D.C. Congresswoman says bill for RFK Stadium site could pass within 6 months

Chris Lingebach
July 09, 2020 - 12:48 pm
D.C. Rep: RFK Stadium site bill could pass 'within 6 months'

Drew Angerer/Getty Images

A Congressional bill that would allow the Redskins to move back to D.C. would indeed face hurdles, but could potentially pass within six months, D.C. Congresswoman Eleanor Holmes Norton tells 106.7 The Fan's Grant Paulsen and Danny Rouhier.

Holmes Norton is preparing a bill that would allow the District to purchase the federal land on which RFK Stadium sits, thus facilitating a potential return for the team to its old stomping grounds. The only condition, she recently told JP Finlay of NBC Sports Washington, is the Redskins must first change their name.

That's the only way she foresees the bill passing through the Democratic majority-held U.S. House of Representatives. Norton, as D.C.'s non-voting delegate, can propose bills but is not permitted to vote on their passage.

"The name is the first step, and then (Redskins owner Dan Snyder) still is not home free," Representative Norton said Thursday on 106.7 The Fan. "Not a touchdown yet."

As for the timeline of the bill, "There'll be some distance to go," Norton explained, adding, "I would think you could get there within the next six months."

"Now, mind you, I'm going to try to get that bill done," she said, "but I can't guarantee that it'll be done this session, so there'll be some holdup in the Congress. But the District could use that time to make its own decision about how it wants to use the land, which is by no means a foregone conclusion."

Norton would explain the obstacles standing in the way of the bill's passage include differences of opinion on what that land – should it be returned to the District – should be used for. Many D.C. residents have long championed for the RFK Stadium site to be designated for more housing and retail space.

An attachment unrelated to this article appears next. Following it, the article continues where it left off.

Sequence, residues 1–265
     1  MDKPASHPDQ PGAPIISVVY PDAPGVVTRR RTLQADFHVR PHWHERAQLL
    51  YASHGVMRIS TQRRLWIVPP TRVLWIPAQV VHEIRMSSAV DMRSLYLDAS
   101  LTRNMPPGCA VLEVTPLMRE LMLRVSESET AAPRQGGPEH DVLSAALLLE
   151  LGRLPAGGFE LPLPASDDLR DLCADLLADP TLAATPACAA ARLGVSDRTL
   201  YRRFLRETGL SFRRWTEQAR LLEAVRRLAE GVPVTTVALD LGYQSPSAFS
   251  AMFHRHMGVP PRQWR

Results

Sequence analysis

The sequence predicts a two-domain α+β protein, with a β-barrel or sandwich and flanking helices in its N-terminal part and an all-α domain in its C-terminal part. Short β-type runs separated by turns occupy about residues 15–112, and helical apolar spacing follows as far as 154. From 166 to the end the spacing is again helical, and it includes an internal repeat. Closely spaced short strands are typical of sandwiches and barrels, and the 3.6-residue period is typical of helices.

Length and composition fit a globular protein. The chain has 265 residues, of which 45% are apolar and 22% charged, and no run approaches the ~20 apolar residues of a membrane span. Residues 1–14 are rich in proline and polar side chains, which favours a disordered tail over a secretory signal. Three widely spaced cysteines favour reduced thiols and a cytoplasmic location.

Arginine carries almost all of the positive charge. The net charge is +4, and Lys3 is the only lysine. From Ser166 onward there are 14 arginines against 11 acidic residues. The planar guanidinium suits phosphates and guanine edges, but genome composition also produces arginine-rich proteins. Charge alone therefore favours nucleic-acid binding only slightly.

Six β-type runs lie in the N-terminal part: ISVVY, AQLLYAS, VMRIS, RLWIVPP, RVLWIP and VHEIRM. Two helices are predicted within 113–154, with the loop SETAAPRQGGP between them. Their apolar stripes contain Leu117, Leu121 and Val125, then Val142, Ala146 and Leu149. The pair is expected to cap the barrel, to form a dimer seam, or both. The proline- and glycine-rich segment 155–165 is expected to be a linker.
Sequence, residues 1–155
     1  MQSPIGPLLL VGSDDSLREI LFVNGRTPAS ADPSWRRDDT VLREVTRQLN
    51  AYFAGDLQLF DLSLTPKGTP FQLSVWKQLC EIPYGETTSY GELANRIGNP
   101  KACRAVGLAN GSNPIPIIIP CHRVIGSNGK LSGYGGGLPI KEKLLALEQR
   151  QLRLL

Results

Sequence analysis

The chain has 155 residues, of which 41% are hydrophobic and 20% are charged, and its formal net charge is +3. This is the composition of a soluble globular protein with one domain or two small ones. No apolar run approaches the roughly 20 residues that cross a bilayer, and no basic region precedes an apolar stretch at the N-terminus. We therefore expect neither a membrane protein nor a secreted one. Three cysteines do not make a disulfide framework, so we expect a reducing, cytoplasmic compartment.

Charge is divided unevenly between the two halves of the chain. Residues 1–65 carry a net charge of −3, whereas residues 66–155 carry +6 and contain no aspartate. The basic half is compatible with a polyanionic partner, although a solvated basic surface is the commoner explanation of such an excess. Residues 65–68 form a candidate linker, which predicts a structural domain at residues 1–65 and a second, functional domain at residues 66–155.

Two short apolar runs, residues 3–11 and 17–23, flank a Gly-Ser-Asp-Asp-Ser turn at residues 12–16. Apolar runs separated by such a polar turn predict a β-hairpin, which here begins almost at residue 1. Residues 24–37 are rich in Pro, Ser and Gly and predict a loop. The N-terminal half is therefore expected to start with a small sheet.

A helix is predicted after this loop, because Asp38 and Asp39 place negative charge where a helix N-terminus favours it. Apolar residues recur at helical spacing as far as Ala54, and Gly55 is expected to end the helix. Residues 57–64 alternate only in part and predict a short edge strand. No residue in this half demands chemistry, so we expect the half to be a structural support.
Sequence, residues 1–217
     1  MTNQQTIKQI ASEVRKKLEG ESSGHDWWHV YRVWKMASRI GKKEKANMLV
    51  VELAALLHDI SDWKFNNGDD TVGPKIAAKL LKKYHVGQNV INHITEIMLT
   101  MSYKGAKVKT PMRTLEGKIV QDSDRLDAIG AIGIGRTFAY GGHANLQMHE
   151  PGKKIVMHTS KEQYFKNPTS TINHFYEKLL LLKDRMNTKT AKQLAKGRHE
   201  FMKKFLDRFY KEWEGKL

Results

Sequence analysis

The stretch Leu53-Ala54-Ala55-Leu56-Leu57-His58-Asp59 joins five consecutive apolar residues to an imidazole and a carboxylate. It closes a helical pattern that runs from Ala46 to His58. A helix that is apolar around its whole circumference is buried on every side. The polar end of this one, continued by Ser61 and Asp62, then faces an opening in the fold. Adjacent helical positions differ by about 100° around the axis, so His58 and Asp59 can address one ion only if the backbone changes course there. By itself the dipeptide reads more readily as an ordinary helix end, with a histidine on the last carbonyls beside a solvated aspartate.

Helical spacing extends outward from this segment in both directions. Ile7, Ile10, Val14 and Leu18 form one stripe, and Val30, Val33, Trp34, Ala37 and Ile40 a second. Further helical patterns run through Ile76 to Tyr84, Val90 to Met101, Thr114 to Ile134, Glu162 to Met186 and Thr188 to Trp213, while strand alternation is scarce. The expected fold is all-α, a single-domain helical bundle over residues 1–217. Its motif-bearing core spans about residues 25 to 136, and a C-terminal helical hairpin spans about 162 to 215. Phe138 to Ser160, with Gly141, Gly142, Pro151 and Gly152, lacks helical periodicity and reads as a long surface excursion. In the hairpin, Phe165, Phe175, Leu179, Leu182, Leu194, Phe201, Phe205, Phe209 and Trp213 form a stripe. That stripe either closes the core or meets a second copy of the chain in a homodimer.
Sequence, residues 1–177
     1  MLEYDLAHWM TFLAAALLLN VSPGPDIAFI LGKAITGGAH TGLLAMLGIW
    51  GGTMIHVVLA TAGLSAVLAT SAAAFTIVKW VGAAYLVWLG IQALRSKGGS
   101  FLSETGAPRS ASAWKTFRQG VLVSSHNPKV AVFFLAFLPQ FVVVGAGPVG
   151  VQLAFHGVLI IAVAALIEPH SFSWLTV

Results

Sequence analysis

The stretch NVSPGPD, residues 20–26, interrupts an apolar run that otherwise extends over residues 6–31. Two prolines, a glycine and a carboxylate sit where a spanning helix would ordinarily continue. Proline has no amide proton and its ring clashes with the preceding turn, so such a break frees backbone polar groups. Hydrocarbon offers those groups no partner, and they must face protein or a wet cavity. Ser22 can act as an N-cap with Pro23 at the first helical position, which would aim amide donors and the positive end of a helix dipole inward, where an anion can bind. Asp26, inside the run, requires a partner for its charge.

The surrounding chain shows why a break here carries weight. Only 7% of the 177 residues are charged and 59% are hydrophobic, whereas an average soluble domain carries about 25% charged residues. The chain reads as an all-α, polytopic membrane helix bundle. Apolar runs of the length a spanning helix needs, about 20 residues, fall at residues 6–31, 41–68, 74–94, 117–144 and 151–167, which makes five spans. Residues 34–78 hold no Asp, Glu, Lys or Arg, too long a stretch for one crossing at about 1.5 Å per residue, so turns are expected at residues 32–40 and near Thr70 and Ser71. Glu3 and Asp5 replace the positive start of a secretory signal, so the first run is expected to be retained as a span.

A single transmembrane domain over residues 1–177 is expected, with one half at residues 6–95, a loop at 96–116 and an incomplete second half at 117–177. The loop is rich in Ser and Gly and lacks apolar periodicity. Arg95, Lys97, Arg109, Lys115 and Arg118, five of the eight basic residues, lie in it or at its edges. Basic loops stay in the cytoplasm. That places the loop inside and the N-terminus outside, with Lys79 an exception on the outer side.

"There are obstacles," Norton said. "There are differences in the (D.C. Council) on whether the highest and best use for that land, which is the most valuable land left in the District of Columbia – and we don't have much land; we can't build high, so land is more important to us than for other jurisdictions – whether the highest and best use is a team that plays maybe eight times a season, or whether it should be used for housing and retail."

"So it's not by any means decided," she said. "Even if the name is changed, there is still a huge discussion to be had in the Senate and, frankly, lots of disagreement on whether this is the best use for that site. And if that site isn't available, then of course Snyder has to stay where he is or find some other venue."

Norton stopped short of advocating for the team to return to the District, as a matter of personal principle.

"That's a home rule issue that I leave to the District. My job is simply to get the land for the District," she said. "For the decades that I've been in Congress, I have never told the Congress my own opinions. I don't want to sway them one way or the other. They've got to do what's best for the District. I do what's best in the Congress."

Listen to the full interview below.